SINGAPORE: Asian shares slid on Friday and were on course for their steepest one-day percentage decline in a week after stronger-than-expected U.S. consumer prices figures bolstered the case for the Federal Reserve to keep rates higher for longer.
MSCI’s broadest index of Asia-Pacific shares outside Japan fell 1.2%, having scaled a three-week peak on Thursday.
It is, however, still set for a decent gain of 1.4% for the week, snapping a three-week losing streak.
The sour mood was set to continue in Europe, with Eurostoxx 50 futures down 0.19%, German DAX futures losing 0.14% and FTSE futures 0.05% lower.
Inflation reports from Sweden, Spain and France due later in the day will be in focus.
An increase in U.S. consumer prices for September contained a surprise surge in rental costs and traders now see a stronger chance that the Fed will end up delivering another hike this year.
Futures contracts that settle to the Fed policy rate reflect about a 40% probability of a rate hike in December, compared with about a 28% chance seen before the CPI report.
Ryan Brandham, head of global capital markets, North America at Validus Risk Management, said the data highlights the challenges the Fed will face bringing inflation down to its 2% target.
Separate data also showed the number of Americans receiving benefits after an initial week of aid, a proxy for hiring, increased 30,000 to a still-low 1.702 million during the week ended Sept. 30.
“The labour market softening is key to the Fed achieving its goal of returning inflation to target, and the hawks calling for at least another hike will be supported based on these numbers,” Brandham said.
The inflation report along with poor demand for an auction of U.S. 30-year bonds sent Treasury yields higher on Thursday.
In Asian hours on Friday, the yield on 10-year Treasury notes was down 4.1 basis points at 4.670% but remained far off the two-week low of 4.5300% it touched a day earlier.
Recent gains in stocks and a slide in Treasury yields had followed comments from Federal Reserve officials suggesting that U.S. interest rates – which tend to drive global borrowing costs – may have finally peaked.
“Much of the ‘good’ work done in the past week in the form of bull flattening of the US yield curve has been undone by the latest US CPI report,” said Ray Attrill, head of FX strategy at National Australia Bank.
Data on Friday showed China’s consumer prices were flat in September, while factory-gate prices shrank at slower pace, indicating deflationary pressures persist.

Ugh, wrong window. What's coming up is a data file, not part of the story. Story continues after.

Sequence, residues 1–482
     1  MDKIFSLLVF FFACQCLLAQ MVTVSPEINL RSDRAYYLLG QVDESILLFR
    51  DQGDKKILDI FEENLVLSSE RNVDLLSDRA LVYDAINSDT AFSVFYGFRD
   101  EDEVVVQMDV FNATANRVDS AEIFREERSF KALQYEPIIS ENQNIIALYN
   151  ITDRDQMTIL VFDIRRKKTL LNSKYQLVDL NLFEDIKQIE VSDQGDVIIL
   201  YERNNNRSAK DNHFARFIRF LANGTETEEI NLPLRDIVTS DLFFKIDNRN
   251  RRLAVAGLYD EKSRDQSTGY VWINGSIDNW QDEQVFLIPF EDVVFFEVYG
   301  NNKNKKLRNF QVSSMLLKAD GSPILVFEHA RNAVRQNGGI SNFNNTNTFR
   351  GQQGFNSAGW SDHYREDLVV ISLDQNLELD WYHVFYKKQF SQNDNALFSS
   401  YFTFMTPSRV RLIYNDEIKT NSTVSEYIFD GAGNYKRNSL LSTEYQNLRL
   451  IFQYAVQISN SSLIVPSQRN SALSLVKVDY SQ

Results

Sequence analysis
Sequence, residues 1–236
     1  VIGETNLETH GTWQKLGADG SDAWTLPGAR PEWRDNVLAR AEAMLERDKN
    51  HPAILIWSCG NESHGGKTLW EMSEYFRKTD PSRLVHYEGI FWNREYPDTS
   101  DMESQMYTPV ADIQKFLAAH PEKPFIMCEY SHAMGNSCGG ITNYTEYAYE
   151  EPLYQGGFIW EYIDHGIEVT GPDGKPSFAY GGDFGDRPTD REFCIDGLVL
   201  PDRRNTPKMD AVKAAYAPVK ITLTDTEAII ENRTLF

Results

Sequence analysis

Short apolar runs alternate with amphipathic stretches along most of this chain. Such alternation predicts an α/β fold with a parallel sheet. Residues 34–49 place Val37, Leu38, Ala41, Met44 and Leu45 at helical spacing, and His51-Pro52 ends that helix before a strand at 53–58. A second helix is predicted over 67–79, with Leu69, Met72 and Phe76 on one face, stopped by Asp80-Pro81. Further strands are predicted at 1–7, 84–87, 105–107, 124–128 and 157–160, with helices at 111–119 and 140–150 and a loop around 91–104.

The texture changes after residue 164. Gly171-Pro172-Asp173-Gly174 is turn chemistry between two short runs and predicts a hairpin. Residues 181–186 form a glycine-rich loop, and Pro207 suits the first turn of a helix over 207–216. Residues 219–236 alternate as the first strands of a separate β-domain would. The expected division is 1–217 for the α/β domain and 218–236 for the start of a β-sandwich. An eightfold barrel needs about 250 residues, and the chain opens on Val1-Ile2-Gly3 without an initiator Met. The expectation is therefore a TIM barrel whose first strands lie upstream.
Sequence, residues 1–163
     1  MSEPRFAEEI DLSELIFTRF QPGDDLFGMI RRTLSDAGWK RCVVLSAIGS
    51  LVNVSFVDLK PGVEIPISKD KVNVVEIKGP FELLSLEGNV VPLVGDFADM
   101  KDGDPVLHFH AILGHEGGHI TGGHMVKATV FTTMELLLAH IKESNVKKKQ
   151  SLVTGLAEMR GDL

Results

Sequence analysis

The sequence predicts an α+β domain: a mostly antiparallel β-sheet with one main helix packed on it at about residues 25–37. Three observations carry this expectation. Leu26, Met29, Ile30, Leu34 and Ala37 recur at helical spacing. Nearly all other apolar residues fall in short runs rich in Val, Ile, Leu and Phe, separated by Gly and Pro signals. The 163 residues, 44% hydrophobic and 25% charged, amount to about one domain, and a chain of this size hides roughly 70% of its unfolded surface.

But China’s exports and imports shrank at a slower pace for a second month in September, adding to signs of a gradual stabilisation in the world’s second-biggest economy.
China’s blue-chip stock index CSI300 fell 1.1%, while the Hang Seng Index sank 2%. Japan’s Nikkei was 0.53% lower, while Australia’s S&P/ASX 200 index lost 0.47%.
The week’s sharp escalation of Middle East tensions has also ensured the mood remains cautious across markets.
Investors will next focus on remarks by Federal Reserve Chair Jerome Powell who is due to speak on Oct. 19, just before the U.S. central bank’s blackout period begins ahead of its next interest-rate decision. The Fed next meets Oct. 31-Nov. 1.
The risk-off mood also prevailed in the currency market, with the dollar holding on to overnight gains. Against a basket of currencies, the dollar eased 0.103% to 106.40, having gained 0.8% overnight.
The euro climbed 0.19% to $1.0548, while sterling was at $1.2204, up 0.24%. The dollar’s ascent has again put the Japanese yen under pressure, with the yen at 149.60 per dollar.
Gold prices edged up on Friday but remained below two-week highs hit in the previous session. Spot gold added 0.4% to $1,876.79 an ounce.
Oil prices rose on Friday after the U.S. tightened its sanctions programme against Russian crude exports, raising supply concerns in an already tight market. U.S. crude advanced 0.95% to $83.70 per barrel and Brent was at $86.66, up 0.77% on the day.
Brent is set for a weekly gain of over 2%, while WTI is set to climb about 1% for the week as investors keep a wary eye on the potential for disruptions to Middle Eastern exports due to the Gaza crisis.